The political turmoil stirred up by Britain’s decision to leave the European Union has left NATO with an urgent task: to demonstrate to Russia’s Vladimir Putin that Europe remains strong, united and invulnerable to his meddling.
In recent months, through espionage and efforts to incite unrest (notably in Germany), Putin has sought to exploit European political and social divisions to advance his goals. After occupyingone-fifth of Georgia, taking over Crimea and invading eastern Ukraine, Putin has responded to sanctions by threatening Russia’s other European neighbors and sending planes and ships far and wide to probe and play chicken with NATO forces. Meanwhile, Russian hackers have reportedly targeted not just websites, but the Ukrainian power grid, Estonia’s financial system, and a German steel mill.
NATO’s 28 member countries, meeting this week in Warsaw, have to recognize this behavior for what it is -- an escalating threat to their interests and values -- and respond with a long-term strategy.
The alliance should, for one thing, expand and strengthen itsdeployment of four battalions to the Baltic nations, to make it a more credible deterrent. It should conduct more joint exercises in Europe, especially in the Baltic Sea, and see that Germany begins to participate more fully. It should also beef up its ability to coordinate its member countries’ intelligence resources, not least to monitor the surprise military training exercises that Russia has been conducting.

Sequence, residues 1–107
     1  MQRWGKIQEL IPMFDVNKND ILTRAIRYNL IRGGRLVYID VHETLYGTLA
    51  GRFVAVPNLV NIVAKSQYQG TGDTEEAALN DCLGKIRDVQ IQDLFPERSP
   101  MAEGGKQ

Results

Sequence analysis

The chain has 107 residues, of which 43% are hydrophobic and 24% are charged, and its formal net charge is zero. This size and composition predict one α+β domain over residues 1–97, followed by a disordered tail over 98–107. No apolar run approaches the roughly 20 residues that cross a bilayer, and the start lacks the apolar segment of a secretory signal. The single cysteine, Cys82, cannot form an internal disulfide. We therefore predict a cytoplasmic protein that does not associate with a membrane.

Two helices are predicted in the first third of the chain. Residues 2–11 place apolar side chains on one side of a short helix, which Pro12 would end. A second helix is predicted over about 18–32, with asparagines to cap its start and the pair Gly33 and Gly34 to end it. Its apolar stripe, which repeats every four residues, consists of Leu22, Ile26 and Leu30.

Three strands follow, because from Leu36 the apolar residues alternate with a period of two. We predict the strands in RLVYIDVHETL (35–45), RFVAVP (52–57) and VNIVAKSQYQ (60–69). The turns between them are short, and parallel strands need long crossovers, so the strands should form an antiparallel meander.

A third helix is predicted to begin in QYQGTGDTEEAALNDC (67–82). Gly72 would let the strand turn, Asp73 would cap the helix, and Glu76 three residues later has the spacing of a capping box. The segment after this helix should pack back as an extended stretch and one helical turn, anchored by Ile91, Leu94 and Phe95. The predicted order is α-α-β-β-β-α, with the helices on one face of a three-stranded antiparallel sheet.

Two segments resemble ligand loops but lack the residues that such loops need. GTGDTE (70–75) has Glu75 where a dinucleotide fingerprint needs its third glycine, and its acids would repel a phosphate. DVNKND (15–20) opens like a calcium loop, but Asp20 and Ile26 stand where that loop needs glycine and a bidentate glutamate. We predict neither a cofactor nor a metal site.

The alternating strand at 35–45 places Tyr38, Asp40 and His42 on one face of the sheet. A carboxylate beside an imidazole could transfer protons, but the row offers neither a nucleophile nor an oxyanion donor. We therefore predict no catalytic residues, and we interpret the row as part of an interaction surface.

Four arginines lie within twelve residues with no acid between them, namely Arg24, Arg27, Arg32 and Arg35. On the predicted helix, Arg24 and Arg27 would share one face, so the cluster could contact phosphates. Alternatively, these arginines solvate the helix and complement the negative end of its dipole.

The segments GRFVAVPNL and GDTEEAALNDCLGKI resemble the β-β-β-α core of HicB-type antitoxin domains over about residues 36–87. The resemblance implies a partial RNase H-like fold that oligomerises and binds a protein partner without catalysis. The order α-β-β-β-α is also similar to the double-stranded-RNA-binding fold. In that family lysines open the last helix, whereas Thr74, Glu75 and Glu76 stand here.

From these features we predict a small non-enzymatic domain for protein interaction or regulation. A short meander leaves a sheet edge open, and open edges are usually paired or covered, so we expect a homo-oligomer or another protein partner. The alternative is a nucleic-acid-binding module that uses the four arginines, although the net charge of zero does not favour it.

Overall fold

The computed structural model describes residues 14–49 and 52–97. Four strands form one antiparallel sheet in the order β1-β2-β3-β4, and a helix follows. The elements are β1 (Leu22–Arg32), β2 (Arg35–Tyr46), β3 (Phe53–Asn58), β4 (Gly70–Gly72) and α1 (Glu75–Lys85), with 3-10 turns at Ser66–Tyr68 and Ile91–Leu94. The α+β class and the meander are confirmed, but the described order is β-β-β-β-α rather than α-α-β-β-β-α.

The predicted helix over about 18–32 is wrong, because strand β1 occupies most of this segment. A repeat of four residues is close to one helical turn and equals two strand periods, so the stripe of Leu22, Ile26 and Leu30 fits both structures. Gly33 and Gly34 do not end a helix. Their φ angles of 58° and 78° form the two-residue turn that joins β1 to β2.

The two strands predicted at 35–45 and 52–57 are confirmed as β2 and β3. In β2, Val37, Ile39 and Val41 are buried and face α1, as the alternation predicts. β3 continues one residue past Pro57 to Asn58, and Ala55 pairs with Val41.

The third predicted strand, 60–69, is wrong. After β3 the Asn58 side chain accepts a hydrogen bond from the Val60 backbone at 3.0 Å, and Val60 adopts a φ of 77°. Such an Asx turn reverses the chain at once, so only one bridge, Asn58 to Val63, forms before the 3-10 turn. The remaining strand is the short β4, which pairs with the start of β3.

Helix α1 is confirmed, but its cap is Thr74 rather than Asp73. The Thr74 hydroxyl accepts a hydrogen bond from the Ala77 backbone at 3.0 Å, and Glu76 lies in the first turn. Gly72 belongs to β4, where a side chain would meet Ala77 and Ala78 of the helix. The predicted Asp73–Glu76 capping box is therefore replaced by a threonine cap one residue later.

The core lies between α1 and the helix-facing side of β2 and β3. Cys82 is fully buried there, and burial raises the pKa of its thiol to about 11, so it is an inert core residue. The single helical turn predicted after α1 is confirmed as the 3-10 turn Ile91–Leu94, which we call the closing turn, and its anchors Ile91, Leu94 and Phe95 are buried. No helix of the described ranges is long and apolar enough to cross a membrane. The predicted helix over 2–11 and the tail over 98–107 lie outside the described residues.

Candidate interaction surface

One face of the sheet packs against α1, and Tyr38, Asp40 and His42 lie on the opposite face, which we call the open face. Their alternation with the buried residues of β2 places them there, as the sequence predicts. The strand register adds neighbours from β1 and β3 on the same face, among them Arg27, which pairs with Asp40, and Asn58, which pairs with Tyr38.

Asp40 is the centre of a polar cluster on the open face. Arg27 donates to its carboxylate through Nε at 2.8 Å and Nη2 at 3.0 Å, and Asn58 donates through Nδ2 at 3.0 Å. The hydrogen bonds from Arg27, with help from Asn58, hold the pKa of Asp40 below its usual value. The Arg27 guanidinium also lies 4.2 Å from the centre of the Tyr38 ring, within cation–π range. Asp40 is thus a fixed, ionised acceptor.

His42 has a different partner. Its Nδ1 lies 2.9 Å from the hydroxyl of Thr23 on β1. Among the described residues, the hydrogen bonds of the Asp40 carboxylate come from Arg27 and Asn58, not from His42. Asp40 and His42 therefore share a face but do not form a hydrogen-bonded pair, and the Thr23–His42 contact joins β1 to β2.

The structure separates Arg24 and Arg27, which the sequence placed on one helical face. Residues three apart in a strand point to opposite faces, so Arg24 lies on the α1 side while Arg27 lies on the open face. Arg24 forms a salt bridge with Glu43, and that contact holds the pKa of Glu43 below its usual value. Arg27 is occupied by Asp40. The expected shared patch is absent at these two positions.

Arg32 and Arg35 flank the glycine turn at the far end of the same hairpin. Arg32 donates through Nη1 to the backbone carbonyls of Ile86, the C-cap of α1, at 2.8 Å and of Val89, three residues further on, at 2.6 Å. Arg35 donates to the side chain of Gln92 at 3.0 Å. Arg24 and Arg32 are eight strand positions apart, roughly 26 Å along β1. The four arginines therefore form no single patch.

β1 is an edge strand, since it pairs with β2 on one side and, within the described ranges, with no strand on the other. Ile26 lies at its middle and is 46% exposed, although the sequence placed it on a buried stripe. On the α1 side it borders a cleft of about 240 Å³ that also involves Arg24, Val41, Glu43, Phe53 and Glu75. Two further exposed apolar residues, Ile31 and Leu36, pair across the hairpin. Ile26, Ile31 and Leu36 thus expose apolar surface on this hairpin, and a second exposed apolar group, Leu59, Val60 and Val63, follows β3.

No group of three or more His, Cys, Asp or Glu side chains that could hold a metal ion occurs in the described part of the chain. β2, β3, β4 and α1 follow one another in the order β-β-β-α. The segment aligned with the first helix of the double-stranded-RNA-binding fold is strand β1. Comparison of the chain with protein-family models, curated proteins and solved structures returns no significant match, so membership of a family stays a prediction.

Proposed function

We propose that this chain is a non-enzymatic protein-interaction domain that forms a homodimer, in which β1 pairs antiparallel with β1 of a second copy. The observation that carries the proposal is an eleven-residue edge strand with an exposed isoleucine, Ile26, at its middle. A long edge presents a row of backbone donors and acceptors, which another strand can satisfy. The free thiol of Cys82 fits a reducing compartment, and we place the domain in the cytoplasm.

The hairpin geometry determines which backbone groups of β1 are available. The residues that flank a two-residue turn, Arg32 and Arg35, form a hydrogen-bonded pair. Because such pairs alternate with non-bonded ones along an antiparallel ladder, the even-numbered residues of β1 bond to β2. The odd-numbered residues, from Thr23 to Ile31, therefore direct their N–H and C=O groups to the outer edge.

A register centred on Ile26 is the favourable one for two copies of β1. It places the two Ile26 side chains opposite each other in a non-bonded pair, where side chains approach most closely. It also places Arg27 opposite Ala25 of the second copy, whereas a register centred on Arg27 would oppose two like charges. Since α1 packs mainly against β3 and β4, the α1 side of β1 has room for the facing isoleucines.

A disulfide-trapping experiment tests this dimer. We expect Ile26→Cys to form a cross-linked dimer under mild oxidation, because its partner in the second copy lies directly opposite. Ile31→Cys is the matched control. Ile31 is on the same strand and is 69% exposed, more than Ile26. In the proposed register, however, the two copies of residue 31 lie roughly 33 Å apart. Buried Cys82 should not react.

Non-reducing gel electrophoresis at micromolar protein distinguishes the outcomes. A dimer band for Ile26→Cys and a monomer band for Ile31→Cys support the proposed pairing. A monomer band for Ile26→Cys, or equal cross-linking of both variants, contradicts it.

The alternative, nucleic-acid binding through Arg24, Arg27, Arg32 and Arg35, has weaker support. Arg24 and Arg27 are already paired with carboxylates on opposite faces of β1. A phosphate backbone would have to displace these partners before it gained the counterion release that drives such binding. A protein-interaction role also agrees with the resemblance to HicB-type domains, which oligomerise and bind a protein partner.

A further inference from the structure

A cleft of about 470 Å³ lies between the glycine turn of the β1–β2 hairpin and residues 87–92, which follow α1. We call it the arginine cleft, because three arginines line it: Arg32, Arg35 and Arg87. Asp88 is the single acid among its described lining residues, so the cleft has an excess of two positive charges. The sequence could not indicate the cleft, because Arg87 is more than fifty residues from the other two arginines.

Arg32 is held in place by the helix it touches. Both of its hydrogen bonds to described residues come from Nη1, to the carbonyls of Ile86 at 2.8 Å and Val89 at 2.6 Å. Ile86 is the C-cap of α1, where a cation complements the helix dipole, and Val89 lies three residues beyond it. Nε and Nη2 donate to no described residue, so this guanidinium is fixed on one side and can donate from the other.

At the same time, NATO countries should seize every opportunity for dialogue with Russia, to try to dispel the paranoia that colors Putin’s worldview, and to be prepared to avert any unintended military confrontations.
More fundamentally, the alliance has to step up its military spending. NATO’s membership has nearly doubled since 1990, but its total defense spending has fallen by one-quarter over the same period, as the U.S. accounts for a growing share of the total. Notwithstanding last year’s small uptick in defense budgets, all but five NATO countries have fallen short of the alliance’s goal of dedicating 2 percent of gross domestic product to military spending.
This shortfall constrains NATO’s ability to take on critical new missions such as supporting the fight against Islamic State or expanding its patrols to stop human trafficking in the Mediterranean.
Moreover, the 2 percent goal is an important political symbol. NATO’s members will always argue among themselves over strategies and priorities -- that is democracy’s messy prerogative. But in the long run, the alliance must demonstrate to Putin and the world that it can depend on the support and shared commitment of all its members.
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